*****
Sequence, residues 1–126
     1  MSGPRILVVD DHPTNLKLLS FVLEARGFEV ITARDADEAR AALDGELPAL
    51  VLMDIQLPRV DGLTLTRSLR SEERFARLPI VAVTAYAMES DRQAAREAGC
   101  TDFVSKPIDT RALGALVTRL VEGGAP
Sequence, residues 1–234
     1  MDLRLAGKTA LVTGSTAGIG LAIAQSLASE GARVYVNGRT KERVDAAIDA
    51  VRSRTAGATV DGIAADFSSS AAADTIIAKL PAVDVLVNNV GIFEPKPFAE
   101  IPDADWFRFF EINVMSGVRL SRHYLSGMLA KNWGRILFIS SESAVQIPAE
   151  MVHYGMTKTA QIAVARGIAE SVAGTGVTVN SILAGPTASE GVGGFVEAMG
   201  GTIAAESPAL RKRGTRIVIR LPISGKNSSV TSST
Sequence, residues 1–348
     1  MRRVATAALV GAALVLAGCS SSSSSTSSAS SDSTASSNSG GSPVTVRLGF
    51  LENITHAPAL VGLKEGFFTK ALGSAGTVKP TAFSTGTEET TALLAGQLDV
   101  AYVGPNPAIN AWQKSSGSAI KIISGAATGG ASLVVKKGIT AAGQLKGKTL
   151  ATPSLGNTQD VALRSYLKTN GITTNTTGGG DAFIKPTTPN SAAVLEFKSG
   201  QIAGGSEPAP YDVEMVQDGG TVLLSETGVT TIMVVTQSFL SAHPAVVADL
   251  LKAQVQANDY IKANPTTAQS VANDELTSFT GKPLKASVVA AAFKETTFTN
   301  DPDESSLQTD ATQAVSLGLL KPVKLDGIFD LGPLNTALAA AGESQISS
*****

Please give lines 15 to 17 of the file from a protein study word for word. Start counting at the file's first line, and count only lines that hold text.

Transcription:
   151  ATPSLGNTQD VALRSYLKTN GITTNTTGGG DAFIKPTTPN SAAVLEFKSG
   201  QIAGGSEPAP YDVEMVQDGG TVLLSETGVT TIMVVTQSFL SAHPAVVADL
   251  LKAQVQANDY IKANPTTAQS VANDELTSFT GKPLKASVVA AAFKETTFTN